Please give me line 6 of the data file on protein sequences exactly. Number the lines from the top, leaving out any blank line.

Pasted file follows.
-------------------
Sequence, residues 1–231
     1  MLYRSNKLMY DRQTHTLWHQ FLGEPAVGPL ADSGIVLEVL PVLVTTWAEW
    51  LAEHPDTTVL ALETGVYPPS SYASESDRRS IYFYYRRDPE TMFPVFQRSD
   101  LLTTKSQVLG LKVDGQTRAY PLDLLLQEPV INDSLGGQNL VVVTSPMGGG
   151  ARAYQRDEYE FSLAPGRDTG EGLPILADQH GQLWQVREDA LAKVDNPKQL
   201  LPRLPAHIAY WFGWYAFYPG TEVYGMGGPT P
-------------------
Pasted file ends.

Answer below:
   201  LPRLPAHIAY WFGWYAFYPG TEVYGMGGPT P